This policy brief, from two European research projects analysing the global dimension of climate change impacts on Europe, presents a number of COVID-19 lessons for European climate change research and policy:
- The COVID-19 pandemic is affecting many areas of decision-making and policy planning. Lockdowns, economic shocks and public recovery packages are affecting the way we plan for the future, and have shifted societal values and perceptions of risk. Societies across the world have rapidly developed a “new normal”, whilst coping mechanisms and levels of cooperation vastly differ across the globe, significantly affecting impacts and costs. This context should be taken as a new starting point when planning for future crises.
- Like COVID-19, climate change impacts have the potential to disrupt society via interconnected global networks. Governments, businesses and large organizations trying to anticipate future disruption must take a “systemic” perspective when designing policies to reduce and manage these risks. This approach will have significant implications for how risks are mapped, assessed and managed.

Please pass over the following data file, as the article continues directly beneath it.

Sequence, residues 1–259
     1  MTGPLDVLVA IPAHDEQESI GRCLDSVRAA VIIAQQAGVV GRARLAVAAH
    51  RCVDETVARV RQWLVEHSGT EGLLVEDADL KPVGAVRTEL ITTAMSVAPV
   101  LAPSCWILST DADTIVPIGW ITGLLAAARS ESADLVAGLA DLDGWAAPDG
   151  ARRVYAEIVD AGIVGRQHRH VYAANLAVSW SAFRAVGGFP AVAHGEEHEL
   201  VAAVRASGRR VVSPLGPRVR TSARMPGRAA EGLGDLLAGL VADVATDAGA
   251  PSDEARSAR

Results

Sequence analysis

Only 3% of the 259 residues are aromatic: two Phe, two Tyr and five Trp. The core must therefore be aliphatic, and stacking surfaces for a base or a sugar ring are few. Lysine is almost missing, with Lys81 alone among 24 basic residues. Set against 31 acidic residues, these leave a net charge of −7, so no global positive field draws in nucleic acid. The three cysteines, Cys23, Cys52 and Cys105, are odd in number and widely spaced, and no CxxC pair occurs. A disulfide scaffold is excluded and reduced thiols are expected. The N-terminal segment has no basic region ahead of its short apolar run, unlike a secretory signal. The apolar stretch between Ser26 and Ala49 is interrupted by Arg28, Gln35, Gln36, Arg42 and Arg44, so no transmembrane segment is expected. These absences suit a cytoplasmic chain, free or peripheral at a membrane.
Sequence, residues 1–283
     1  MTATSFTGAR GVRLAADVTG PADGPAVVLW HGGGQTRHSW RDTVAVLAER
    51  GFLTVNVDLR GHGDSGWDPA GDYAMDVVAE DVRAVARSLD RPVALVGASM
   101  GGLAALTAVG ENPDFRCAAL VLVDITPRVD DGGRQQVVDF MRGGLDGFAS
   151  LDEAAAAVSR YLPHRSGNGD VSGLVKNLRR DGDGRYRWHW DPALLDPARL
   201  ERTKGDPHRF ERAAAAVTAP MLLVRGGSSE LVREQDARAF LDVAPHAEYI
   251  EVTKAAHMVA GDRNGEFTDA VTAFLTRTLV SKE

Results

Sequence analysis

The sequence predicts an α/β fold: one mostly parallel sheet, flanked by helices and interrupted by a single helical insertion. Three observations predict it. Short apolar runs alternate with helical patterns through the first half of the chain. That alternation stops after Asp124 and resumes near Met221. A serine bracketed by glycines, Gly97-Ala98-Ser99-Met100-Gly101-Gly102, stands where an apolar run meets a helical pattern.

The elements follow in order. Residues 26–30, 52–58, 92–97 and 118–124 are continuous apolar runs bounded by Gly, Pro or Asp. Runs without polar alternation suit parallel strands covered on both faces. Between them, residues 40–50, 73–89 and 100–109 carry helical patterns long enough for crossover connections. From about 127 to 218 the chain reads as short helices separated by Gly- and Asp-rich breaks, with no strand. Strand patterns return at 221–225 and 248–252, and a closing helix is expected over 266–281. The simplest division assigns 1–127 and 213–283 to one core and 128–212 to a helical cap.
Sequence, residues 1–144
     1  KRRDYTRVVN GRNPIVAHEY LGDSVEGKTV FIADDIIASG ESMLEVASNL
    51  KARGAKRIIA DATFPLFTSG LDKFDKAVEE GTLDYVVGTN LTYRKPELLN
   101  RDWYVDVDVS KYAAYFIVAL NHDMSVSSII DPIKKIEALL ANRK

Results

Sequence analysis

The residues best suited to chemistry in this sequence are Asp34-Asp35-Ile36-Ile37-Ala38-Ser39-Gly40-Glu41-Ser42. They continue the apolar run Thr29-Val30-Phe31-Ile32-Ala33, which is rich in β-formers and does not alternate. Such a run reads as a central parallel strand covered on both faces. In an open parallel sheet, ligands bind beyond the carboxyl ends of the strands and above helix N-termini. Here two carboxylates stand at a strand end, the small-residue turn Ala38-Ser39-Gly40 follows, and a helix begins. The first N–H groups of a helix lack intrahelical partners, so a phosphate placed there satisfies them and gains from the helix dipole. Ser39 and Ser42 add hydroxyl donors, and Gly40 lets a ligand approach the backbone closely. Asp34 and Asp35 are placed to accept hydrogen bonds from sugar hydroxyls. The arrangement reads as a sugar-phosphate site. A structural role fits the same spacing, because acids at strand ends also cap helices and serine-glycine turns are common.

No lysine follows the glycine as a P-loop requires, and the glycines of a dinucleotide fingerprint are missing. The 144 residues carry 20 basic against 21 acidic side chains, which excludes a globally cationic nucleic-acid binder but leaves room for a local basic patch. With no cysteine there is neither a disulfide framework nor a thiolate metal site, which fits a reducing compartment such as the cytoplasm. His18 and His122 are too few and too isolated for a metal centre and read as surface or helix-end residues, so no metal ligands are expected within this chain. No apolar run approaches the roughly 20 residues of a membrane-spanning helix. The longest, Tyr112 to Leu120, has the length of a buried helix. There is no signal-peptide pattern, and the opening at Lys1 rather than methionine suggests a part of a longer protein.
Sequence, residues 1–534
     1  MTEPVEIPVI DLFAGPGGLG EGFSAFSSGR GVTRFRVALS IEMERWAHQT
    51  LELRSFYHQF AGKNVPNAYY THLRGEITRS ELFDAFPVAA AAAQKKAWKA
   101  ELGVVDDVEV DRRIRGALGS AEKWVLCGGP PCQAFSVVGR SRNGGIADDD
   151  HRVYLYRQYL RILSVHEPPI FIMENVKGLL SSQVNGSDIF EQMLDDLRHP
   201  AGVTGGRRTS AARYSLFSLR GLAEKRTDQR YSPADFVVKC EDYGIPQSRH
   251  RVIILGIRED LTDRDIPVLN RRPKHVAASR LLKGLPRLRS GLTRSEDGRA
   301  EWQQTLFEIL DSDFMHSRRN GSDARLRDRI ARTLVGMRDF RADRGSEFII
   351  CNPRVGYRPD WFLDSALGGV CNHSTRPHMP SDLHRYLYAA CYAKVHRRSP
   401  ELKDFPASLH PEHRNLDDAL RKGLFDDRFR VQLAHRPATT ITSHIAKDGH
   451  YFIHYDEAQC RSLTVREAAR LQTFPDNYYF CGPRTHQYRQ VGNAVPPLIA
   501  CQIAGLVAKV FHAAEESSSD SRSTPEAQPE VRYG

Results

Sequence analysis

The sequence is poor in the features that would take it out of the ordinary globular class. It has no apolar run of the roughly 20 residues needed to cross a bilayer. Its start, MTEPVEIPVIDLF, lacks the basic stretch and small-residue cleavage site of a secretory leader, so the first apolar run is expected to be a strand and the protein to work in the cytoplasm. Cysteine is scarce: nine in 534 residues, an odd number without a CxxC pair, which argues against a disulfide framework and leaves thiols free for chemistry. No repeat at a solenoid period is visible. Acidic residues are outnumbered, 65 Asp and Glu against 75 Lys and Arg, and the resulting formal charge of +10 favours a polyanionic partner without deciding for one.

- It is essential to understand how to respond to other high impact events in order to reduce risks and increase the overall system resilience and preparedness. These events are likely to occur more frequently in a world that is warming and increasing in connectivity and interdependence.
- Responses to the pandemic and the pandemic itself - as with climate change - have had the most detrimental effects on the most vulnerable groups. The ongoing fallout from COVID-19 demonstrates the need for greater multilateral and regional attention to resilience, particularly in terms of trade, fiscal stimulus policies and social safety-nets. But it is important to think of resilience as a process of evolution: current reforms and measures must lead to better preparation for not only future pandemics, but also for a range of events and compound events induced by a changing climate.
- Actions to approach climate change as a systemic rather than a localized risk include collaborative ways to identify and visualize direct and indirect impact cascades that cross economic sectors and regional boundaries, and redefine the goals of climate adaptation plans to address system-wide resilience.
- Scenario tools and social simulation techniques are useful tools to support stakeholders’ preparedness and contingency planning. These toolsshould be deployed more widely to foster system-wide risk mitigation and management strategies.